Discussions about issuing a possible fourth stimulus check to Americans have gathered momentum as a new bill has been introduced by Democrats to tax large oil companies. The money taxed will go to a new stimulus check for those still struggling with financial health amidst fallouts from the COVID-19 pandemic and the current war in Ukraine.
For stimulus checks already received, there are several reasons why you may be asked to repay a coronavirus stimulus check. And, because it is the IRS, it may take a while to detect an error and for them to respond with a dreaded “contact us immediately” letter. The reasons for repayment range from changes to your financial status to mistakes made by the IRS and fall into five categories.
1. You earned too much
The three stimulus checks were heavily limited by income and when a person or family reached that limit, the payment was heavily eliminated. Those who may have not been eligible for stimulus checks may have received them.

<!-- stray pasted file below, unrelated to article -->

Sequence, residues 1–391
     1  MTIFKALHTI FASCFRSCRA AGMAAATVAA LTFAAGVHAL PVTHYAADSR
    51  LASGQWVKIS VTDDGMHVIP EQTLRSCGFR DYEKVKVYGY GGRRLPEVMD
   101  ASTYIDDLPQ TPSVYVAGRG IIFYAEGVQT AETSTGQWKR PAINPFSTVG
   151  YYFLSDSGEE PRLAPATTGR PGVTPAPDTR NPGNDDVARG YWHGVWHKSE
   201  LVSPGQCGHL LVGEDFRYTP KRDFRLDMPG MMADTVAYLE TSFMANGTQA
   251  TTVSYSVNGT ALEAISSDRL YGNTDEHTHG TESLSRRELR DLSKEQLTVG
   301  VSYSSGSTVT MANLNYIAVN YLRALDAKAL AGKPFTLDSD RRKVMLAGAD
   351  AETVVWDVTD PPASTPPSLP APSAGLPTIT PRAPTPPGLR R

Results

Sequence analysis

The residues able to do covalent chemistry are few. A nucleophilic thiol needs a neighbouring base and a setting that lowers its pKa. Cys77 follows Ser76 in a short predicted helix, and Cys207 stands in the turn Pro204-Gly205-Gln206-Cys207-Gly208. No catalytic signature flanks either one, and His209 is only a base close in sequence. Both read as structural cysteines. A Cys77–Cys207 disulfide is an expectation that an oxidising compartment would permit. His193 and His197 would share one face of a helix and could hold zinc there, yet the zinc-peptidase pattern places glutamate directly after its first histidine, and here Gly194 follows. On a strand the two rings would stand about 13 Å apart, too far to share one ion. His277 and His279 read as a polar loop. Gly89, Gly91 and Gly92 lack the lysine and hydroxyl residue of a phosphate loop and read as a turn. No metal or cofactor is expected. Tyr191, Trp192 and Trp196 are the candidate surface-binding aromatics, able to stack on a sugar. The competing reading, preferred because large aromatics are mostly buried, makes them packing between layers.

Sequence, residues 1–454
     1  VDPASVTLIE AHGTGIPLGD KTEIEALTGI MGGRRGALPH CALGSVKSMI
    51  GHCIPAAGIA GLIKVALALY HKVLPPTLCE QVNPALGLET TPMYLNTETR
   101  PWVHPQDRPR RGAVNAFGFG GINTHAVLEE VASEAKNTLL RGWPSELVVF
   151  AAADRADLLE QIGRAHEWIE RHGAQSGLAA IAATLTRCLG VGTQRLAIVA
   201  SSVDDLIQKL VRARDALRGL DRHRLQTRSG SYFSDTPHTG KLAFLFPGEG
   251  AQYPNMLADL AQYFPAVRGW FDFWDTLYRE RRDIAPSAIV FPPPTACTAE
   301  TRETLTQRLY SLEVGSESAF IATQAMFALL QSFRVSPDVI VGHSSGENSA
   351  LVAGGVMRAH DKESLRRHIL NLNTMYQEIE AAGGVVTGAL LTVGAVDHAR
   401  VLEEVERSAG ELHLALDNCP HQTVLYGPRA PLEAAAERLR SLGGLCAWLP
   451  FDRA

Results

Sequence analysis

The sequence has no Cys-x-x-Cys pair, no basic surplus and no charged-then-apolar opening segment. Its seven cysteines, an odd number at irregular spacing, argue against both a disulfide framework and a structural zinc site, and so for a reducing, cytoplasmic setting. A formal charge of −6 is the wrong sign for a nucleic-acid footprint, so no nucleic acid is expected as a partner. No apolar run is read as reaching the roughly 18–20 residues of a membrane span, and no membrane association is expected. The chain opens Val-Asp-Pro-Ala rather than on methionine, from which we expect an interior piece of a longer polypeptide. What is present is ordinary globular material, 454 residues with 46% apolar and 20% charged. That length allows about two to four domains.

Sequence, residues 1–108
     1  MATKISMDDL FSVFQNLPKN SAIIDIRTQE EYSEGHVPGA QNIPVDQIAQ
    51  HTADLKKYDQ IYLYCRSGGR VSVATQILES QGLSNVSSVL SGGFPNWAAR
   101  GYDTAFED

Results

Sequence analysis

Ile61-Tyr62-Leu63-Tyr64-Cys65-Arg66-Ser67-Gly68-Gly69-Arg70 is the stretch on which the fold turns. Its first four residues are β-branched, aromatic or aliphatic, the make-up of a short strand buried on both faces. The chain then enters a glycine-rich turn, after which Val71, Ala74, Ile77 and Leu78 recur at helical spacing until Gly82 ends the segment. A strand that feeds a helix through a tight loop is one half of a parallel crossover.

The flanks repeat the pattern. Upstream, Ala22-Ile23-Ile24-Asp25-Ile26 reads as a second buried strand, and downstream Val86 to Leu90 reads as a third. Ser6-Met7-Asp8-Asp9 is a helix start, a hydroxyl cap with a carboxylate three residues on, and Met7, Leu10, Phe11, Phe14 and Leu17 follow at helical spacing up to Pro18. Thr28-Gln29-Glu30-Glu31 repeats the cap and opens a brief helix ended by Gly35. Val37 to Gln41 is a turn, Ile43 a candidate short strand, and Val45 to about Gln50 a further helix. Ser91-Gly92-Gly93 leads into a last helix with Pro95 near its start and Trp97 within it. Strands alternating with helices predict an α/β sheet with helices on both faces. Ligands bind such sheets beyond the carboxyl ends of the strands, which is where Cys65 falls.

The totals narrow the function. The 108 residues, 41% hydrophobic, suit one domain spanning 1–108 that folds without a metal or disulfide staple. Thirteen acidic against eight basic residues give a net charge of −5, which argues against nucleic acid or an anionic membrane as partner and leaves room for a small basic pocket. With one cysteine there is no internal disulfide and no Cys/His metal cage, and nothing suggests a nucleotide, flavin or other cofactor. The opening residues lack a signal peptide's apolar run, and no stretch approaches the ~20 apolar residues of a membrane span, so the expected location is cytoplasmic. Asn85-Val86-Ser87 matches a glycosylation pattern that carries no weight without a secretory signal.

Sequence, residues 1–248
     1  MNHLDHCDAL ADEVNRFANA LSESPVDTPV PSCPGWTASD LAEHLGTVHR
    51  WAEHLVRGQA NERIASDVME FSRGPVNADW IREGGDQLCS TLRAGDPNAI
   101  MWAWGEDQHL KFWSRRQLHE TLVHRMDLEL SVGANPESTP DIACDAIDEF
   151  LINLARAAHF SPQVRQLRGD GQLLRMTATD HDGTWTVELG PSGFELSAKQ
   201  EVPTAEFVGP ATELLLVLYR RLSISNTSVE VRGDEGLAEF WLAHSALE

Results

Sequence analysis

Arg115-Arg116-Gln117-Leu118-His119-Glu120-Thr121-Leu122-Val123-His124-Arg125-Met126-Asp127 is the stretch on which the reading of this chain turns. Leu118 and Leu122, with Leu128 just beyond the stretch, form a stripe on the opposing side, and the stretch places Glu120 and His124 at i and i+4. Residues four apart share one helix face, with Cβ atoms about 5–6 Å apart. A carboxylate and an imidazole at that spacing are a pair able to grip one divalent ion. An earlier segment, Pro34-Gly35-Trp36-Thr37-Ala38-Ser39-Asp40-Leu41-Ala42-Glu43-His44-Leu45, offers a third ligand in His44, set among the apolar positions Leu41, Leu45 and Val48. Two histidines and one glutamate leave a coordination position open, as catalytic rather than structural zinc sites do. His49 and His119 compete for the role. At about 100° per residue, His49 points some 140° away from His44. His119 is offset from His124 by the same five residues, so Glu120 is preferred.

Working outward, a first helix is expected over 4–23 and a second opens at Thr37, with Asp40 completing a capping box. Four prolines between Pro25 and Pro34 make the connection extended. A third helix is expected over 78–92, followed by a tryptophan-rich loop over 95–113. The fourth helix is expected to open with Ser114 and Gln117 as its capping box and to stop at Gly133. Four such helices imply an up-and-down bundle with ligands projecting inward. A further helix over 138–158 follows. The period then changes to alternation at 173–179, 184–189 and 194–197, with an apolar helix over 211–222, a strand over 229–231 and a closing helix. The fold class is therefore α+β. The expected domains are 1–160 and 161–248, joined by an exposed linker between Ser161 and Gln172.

2. You received a check from someone who died
A deceased loved one’s stimulus check’s status depends on when they died. If a taxpayer lost a loved one in 2019, the IRS might have been unaware of the passing because 2020 taxes were not filed yet. If you received a stimulus for your deceased spouse, for example, you may need to refund that money. According to the IRS, anyone who lost a loved one before 2020 may be contacted to pay any unpaid taxes.
3. You’re a non-citizen
If you have been living in the United States and have been paying taxes but are not yet a citizen, you may have received a check in error. This may prompt a request for a refund.
4. You received an extra check by mistake
Another boo-boo. There have been so many checks issued that an administrative error may have occurred and you may have received an additional check.
5. You’re considered a nonresident alien
If you received stimulus funds while working and paying taxes in the U.S., you may be asked to return the money.
We’ve all had our unexpected windfalls: Getting an extra $20 when withdrawing at the ATM or getting a baker’s dozen when ordering doughnuts. But when it comes to the IRS, those banking bakers watch every penny.
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